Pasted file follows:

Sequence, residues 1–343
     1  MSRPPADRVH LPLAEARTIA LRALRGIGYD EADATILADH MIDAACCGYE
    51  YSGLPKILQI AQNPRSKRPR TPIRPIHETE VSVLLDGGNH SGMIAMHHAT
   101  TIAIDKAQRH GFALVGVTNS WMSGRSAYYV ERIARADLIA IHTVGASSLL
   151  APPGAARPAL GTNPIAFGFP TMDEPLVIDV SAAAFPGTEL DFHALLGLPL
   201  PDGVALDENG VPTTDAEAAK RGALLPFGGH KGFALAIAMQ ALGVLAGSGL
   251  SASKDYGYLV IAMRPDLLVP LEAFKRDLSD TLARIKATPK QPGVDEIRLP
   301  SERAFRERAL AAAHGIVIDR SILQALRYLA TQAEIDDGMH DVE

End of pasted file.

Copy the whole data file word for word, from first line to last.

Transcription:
Sequence, residues 1–343
     1  MSRPPADRVH LPLAEARTIA LRALRGIGYD EADATILADH MIDAACCGYE
    51  YSGLPKILQI AQNPRSKRPR TPIRPIHETE VSVLLDGGNH SGMIAMHHAT
   101  TIAIDKAQRH GFALVGVTNS WMSGRSAYYV ERIARADLIA IHTVGASSLL
   151  APPGAARPAL GTNPIAFGFP TMDEPLVIDV SAAAFPGTEL DFHALLGLPL
   201  PDGVALDENG VPTTDAEAAK RGALLPFGGH KGFALAIAMQ ALGVLAGSGL
   251  SASKDYGYLV IAMRPDLLVP LEAFKRDLSD TLARIKATPK QPGVDEIRLP
   301  SERAFRERAL AAAHGIVIDR SILQALRYLA TQAEIDDGMH DVE